I took several international law courses whilst getting my JD at Vanderbilt—public international law, EU law, human rights, international civil litigation.  The government investigations I helped to manage were almost entirely domestic in scope, so I’m excited that librarianship is now affording me the opportunity to immerse myself in FCIL.

4. Who is your current employer? How long have  you worked there?

I just started working at Vanderbilt in October, so I’m very new to my current position!

5. Do you speak any foreign languages?

Very, very rudimentary Spanish.  So rudimentary as to hardly be worth mentioning.

6. What is your most significant professional achievement?

I don’t know that quitting something can be considered an “achievement,” but it certainly took a lot of courage and planning to quit practicing and try something new professionally.  I know many readers of this publication have done the same, and probably also experienced sleepless nights and periodic nausea.   In general I’ve found that the times I helped people in concrete ways were the most personally satisfying, even when they weren’t the most challenging work.  I managed some complex investigations when I was practicing law that required patience, creativity, and long hours, but the client I remember most fondly was a pro bono asylum client, and I’m always happy when a student is appreciative of my help and returns for advice.

7. What is your biggest food weakness?

Sweets.  Peanut Butter M&Ms and anything covered in very sugary frosting, such as grocery store sheet cake.

8. What song makes you want to get up and sing/dance?

This could be an entire blog post!  Most recently noted myself doing this to Dancing Queen by ABBA.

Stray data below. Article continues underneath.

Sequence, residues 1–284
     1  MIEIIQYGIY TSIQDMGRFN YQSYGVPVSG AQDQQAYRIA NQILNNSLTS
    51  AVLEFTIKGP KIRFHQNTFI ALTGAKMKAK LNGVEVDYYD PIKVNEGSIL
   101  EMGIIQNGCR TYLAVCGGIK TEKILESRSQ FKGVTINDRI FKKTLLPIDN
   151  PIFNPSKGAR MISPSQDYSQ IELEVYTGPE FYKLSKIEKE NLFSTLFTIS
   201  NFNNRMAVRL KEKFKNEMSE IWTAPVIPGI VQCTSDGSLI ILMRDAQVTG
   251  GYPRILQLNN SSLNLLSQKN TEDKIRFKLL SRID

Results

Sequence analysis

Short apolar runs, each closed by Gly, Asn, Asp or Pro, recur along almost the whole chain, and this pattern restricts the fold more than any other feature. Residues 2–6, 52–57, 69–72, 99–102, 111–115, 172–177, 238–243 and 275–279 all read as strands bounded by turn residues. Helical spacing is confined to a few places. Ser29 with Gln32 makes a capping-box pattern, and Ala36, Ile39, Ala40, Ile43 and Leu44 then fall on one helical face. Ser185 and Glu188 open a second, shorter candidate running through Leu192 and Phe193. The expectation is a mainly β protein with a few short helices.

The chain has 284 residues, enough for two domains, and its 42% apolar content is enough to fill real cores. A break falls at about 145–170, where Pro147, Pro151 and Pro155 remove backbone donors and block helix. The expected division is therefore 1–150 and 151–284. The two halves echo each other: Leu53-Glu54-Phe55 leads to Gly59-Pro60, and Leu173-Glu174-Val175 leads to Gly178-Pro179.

9. What ability or skill do you most wish you had (that you don’t have already)?

See question 5—I really wish that I had taken language instruction more seriously.  I also wish that I could play the piano, and did not experience anxiety when faced with numbers.

10. Aside from the basic necessities, what is one thing you can’t go a day without?

Some kind of movement.  I’m a certified Pilates instructor and try to get on the equipment a few times a week, but also enjoy yoga and long walks or hiking.  I have foot and ankle issues from years of ballet/pointe, so I try to go really easy on my joints.

11. Anything else you would like to share with us?

I’m really excited to join such a welcoming (and fun) professional community.  I attended IALL’s annual conference in Atlanta last week, and it was really encouraging to meet so many wonderful people and see how many resources I’ll have available to me.

Introducing…Carlos Andrés Pagán as the November 2017 FCIL Librarian of the Month

Carlos Andrés Pagán (FCIL photo)

1. Where did you grow up?